My solution plan for the GF Challenge

I am a solver in the IARPA GF Challenge.  This is a cross post of my solution plan.  I am sharing mostly because I am afraid of having no competition at all.  About 500 have signed on but they are all notably silent.  Usually an indication that people are getting ready is that they try things and ask questions.   Only a few people are posting or asking questions in the GF Forum.   I don’t take this as a sign that everybody else is busy.  I take it as a sign that nobody has a clue.  We’ll see when things get started, how many people pop up on the Leaderboard.  Anyhoo, here’s my plan:

The rules say: “Finalists who wish to compete for monetary prizes will need to provide the solution package for review [by] the GF Challenge Team” and “Solvers will provide a short (4 page) explanation for their solution”.

There are several sources of information for each question:

  • Individual: Individual crowd forecasts
  • Consensus: Crowd consensus forecast
  • Model: Output of domain-specific models for the question
  • Intel: History of reference data required to resolve the question, and events and opinions gathered from news and social media
  • Crowd Experience: Brier scores of crowd forecasters identified by their anonymous GUID and recorded forecasts on resolved questions. This information becomes available as we work through and resolve the 175 questions to be answered during the Challenge.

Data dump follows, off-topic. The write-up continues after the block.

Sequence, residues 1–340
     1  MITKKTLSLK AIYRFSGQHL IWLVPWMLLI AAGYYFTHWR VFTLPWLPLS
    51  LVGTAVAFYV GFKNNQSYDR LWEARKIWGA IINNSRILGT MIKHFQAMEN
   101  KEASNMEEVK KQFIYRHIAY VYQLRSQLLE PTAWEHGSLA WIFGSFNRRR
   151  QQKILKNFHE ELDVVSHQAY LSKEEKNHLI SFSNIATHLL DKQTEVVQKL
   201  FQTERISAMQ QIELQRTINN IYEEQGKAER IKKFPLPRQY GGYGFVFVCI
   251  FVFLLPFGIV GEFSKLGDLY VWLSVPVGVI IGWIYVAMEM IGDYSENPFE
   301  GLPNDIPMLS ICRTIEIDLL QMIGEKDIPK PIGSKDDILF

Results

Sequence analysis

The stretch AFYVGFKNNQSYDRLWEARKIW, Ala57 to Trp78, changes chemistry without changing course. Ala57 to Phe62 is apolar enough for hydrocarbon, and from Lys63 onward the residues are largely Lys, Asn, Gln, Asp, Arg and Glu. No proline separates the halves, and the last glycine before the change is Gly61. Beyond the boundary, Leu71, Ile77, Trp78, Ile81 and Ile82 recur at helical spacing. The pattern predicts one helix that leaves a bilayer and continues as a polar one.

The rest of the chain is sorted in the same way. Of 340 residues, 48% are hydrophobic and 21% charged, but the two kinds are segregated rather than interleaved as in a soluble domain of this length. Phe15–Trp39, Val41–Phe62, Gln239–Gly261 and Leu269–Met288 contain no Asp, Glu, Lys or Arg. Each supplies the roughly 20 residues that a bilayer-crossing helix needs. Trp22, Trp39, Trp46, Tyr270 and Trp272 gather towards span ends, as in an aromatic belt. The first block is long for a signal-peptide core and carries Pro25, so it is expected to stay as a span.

• My Experience: Applying my own domain-specific knowledge to the question, putting myself in the role of Analyst Manager.

I will create the follow kinds of domain-specific models, which take Intel as input (not Indiviudal or Consensus forecasts or derived Crowd Experience information):

  • Time series rate: Will Gold price lie between $1250 and $1350 on 18 March 2018?
  • Time series frequency: Will there be a mass killing event in Sudan in the month of March 2018?
  • Selectorate: Will Scotland vote to secede from the UK on or before 18 March 2018
  • Multiple Criteria Decision Analysis (MCDA): Will either Turkey or Russia officially suspend or cancel the Akkuyu nuclear power plant project before 18 March 2018?
  • Analysis of Competing Hypotheses (ACH): Will President Putin meet with Prime Minister Abe in Japan before 18 March 2018?
  • Social Media (SM): Will the UK vote to exit the European Union before 18 March 2018?

I distinguish MCDA from ACH largely by whether the outcome is predictable by reading the news or whether there is something more structural and quantifiable about the decision factors. I reserve MCDA for questions with structure and ACH for news-driven questions. Typically a power plant decision would have some structural features that can be quantified. Whether or not Putin goes to Japan is more of a guessing game signalled by diplomatic moves reported in the press. I reserve the Social Media category for matters so unpredictable that only keeping an ear to the ground (munching Twitter posts) will give an idea of the sentiment of the selectorate.

On a question by question basis I may use more than one model, and combine their results with a linear weighted average.